A couple of months ago, I wrote an article entitled The Body Positivity Movement Looks A Lot Like White Feminism.
The feedback I received ranged from, “Why should white women be blamed for the lack of representation in the body positivity movement?” to “Fat women of color have it easier; what do you mean racism exists in the body positivity community?” As much as I want to drag everyone for the commentary, I want to focus specifically on the idea that fat women and femmes of color have an easier time navigating fatness and body positivity. This comes up a lot due to the reality that often, when we see bigger body women and femmes of color juxtaposed with thinness and whiteness within media, it gives the illusion that fat women of color are “more accepted.” But it couldn’t be farther from the truth.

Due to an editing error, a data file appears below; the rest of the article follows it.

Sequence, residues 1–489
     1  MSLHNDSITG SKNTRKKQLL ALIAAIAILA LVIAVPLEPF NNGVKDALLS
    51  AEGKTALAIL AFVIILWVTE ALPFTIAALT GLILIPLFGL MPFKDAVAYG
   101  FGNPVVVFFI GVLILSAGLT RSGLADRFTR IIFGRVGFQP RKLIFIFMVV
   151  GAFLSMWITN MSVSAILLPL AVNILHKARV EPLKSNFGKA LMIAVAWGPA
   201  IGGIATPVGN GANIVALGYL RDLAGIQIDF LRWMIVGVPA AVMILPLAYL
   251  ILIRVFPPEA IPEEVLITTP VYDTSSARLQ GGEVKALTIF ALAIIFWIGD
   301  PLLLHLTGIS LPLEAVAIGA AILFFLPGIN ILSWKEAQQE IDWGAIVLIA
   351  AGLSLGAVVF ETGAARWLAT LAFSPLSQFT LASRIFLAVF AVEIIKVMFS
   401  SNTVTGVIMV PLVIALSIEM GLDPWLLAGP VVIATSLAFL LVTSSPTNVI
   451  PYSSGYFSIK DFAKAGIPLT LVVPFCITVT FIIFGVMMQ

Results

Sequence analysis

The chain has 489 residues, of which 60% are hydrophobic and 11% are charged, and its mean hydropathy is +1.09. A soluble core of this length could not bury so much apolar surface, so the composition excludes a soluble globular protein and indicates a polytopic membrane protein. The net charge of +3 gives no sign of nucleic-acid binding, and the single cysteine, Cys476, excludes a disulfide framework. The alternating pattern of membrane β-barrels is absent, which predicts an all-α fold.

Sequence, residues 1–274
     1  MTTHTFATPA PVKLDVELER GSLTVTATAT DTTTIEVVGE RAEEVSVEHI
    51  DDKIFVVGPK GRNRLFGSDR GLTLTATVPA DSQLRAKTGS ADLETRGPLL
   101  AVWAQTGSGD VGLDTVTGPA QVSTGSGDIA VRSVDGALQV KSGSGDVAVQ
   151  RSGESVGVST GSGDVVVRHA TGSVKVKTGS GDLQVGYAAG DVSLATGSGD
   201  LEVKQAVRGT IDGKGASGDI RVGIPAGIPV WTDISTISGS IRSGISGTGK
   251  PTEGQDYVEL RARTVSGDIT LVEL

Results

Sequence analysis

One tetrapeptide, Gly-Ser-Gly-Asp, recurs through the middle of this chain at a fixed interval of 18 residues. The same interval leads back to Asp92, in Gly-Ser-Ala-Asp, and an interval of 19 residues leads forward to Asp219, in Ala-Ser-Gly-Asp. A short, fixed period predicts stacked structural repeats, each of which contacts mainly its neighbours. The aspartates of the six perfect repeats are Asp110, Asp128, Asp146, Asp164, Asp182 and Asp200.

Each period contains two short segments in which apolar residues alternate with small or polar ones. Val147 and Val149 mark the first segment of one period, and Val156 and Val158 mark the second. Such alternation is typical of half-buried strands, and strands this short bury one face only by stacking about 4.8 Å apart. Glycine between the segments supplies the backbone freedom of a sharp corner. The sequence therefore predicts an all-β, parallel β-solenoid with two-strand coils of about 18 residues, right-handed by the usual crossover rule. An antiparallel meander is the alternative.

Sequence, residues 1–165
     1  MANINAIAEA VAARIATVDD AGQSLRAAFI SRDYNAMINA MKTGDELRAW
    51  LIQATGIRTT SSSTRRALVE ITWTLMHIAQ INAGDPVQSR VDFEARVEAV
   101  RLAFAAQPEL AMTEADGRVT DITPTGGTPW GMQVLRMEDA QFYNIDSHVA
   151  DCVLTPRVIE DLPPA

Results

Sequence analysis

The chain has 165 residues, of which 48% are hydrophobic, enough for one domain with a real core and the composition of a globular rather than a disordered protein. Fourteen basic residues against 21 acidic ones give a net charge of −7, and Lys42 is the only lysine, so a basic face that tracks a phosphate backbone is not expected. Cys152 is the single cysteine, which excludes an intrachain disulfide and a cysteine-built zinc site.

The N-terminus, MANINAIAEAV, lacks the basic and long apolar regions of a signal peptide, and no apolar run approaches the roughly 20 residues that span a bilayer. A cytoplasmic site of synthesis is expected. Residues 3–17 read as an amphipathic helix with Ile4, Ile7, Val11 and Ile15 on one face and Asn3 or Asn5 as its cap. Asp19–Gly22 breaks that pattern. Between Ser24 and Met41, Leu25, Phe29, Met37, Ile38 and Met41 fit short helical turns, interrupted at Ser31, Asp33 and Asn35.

First, let’s contextualize the fact that body positivity does not exist in a vacuum. When we talk about fat positivity and fat acceptance, we have to realize that fatness is political just like our race, gender, sexuality, ability, body type, mental health, skin color and phenotype. Bodies of color are viewed through the gaze of whiteness and the mythologies created by whiteness. Our bodies are seen through distortion because we are compared to unachievable and unobtainable humanity and beauty standards that are constructed around white bodies.
When we see many plus-size (or fat — however you identify bigger body people or how they identify themselves) women and femmes of color, there’s this idea that we’re more accepted because there are defined standards around our bodies that categorize us in opposition to whiteness and white bodies. In the Black community, we’ve cultivated terms such as “thick” and “phat” (pretty, hot and tempting) that represent our bodies in contrast to the expected ideals of thinness. These terms signify the fact that our bodies have never fit within the beauty standards used to confine and define us because they were created around whiteness.